One of the great things about taking on a project such as home automation is experimenting with the different combinations of devices. Take lighting as an example. Traditionally, you flick a switch to turn lights on and off. In some cases like external floodlights, the addition of motion sensors improves the control.
Now, take a moment to step on outside the box. Start thinking about what other ways could you control the activation of a light? And when it activates, could that light convey some form of meaning rather than just as a source of illumination? This is what I set out to find, and for my home, I came up with two practical use cases.
My house is not the ideal candidate for commonly available smart lighting due to every internal light being an MR16 fitting. It must be difficult for manufacturers to get the smarts small enough to fit into a tiny downlight.
But with three external lights using E27 fittings (two at the driveway), it meant I could at least use some smart lighting. After my success with the Xiaomi sensors, I opted for a similar lighting brand, Yeelight. A much cheaper alternative to the Philips Hue. The benefits of Yeelights are that they connect directly to Wifi, and are Google Assistant compatible out of the box.
So how are these lights being controlled? If you were thinking through a motion detector, then you’d be partially right. But not the motion of a person, rather the motion of the garage door. That is because as I go from inside to outside through the garage door and at night, I want the lights to go on. And as I drive into the driveway and remotely open the garage door from the car, I also want some extra lighting.
Using a custom mounted door sensor it communicates with the lights to activate them. After 10 minutes the lights are then automatically turned off.
The Home Assistant scripting looks like this.
The garage door state turns on.
trigger: - entity_id: binary_sensor.door_garage platform: state to: 'on'
With the condition that it is after sunset and before sunrise.
condition: - condition: state entity_id: sun.sun state: below_horizon
Then turn on the lights with full brightness and a white colour.
action: - data: brightness_pct: 100 color_name: white entity_id: group.lights_driveway transition: 2 service: light.turn_on
When the garage door state turns on.
trigger: - entity_id: group.lights_driveway platform: state to: 'on'
Wait 10 minutes before turning the lights off.
action: - delay: 00:10:00 - data: entity_id: group.lights_driveway transition: 2 service: light.turn_off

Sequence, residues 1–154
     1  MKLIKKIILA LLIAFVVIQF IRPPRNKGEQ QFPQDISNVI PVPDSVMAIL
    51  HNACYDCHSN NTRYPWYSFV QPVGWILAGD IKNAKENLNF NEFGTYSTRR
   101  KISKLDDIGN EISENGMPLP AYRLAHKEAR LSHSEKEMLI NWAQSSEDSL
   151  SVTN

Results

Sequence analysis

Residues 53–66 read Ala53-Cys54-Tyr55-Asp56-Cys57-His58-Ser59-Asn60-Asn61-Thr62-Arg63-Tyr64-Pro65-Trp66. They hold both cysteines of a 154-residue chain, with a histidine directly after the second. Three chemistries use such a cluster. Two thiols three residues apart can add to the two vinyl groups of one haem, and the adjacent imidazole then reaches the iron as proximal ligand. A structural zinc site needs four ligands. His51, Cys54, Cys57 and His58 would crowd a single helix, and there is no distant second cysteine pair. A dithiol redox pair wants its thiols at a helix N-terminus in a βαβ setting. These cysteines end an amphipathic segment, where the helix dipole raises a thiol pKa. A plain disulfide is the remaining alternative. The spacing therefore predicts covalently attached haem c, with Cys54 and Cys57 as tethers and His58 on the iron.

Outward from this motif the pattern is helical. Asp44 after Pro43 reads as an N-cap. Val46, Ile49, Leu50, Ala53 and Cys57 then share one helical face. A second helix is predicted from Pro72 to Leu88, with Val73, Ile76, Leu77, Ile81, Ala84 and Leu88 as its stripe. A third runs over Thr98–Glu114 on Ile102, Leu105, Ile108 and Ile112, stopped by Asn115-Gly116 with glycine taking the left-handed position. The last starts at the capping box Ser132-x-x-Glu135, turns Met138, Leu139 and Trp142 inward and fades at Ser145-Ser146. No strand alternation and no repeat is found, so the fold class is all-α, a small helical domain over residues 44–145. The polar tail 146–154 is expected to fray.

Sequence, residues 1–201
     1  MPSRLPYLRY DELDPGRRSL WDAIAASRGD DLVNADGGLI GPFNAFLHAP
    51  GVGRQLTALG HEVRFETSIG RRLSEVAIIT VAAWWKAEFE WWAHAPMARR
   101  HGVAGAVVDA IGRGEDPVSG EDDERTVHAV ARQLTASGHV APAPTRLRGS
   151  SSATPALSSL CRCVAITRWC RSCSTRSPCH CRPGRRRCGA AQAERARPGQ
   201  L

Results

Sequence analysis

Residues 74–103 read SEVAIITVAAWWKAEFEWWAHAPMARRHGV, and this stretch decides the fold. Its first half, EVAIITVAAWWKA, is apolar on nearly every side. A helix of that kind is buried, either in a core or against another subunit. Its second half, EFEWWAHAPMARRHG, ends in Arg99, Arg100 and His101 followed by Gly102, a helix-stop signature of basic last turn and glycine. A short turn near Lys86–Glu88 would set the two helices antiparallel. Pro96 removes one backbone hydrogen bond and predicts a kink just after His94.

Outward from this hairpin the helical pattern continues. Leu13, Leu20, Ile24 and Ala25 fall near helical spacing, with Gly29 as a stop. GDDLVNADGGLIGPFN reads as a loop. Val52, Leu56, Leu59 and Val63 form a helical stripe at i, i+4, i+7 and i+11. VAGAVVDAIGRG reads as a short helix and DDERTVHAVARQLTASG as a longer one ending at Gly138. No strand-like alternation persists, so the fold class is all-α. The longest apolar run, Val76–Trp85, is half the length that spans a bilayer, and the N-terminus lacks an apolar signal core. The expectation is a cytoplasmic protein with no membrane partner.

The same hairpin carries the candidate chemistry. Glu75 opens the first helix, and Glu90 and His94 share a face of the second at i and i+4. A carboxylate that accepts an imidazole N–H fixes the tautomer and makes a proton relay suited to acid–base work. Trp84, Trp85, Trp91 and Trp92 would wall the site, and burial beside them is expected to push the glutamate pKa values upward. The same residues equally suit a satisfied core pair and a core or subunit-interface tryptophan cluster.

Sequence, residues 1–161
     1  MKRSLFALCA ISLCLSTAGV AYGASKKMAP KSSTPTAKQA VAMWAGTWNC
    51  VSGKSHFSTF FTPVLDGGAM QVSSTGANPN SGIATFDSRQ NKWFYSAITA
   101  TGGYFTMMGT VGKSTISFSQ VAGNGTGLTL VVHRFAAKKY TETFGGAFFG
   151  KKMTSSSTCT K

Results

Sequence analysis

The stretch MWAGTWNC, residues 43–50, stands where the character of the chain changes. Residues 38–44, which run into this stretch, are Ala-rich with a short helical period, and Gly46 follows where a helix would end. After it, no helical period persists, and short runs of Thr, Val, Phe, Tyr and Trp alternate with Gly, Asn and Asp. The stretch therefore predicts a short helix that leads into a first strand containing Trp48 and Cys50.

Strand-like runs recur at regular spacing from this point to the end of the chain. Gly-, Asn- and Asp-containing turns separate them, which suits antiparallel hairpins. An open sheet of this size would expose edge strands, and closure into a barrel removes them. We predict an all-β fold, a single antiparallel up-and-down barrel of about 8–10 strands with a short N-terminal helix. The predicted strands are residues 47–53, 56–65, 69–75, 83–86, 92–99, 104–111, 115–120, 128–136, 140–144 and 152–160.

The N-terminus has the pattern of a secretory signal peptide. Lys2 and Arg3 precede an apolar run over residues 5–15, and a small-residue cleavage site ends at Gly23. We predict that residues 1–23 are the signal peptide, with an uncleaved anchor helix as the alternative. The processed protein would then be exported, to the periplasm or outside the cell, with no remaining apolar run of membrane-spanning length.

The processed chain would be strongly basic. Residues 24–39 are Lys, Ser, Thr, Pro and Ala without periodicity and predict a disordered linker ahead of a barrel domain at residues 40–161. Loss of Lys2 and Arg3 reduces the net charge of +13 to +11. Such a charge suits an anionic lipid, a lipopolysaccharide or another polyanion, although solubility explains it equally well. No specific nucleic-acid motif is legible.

At a later stage when a driveway facing security camera is installed, I’ll use the camera’s computer vision to sense driveway movement and activate the lights instead.
In this video you will see the lights activate as the door opens, then through Google Assistant they can be manually turned off. Note when the lights are turned off, the Home Assistant server recognises this and updates its interface. The two have a symbiotic relationship.
Hallway status light
Now that the garage door has a sensor, as well as other openings around the house, those states can be used to check which is an open state. Currently, my Home Assistant has a page which shows me those details. The problem with this method is having to use a device, and open that page which is somewhat inconvenient.
I found an easier way has been to use the Xiaomi Gateway’s built-in light as a colour-coded signal, triggered by a motion sensor every time I walk by. A red colour indicates the garage door is open, orange for when the garage door is closed but when other doors are open, and green for when the house is completely closed.
Orange state example
When either hall motion detectors are activated.
trigger: - entity_id: binary_sensor.motion_hall_1 platform: state to: 'on' - entity_id: binary_sensor.motion_hall_2 platform: state to: 'on'
And there is at least one other door open, and the garage door is closed.
condition: - condition: state entity_id: group.doors state: 'on' - condition: state entity_id: binary_sensor.door_garage state: 'off'
Then turn on the Gateway light and set the colour.
action: - data: brightness: 10 entity_id: light.gateway_light_f0b429cc57fd rgb_color: - 255 - 100 - 0 service: light.turn_on
The motion detectors have an inbuilt timer which turns off when no motion is detected. At which point the Gateway light also turns off.
As you can see from the above examples, this is not overly complicated to script.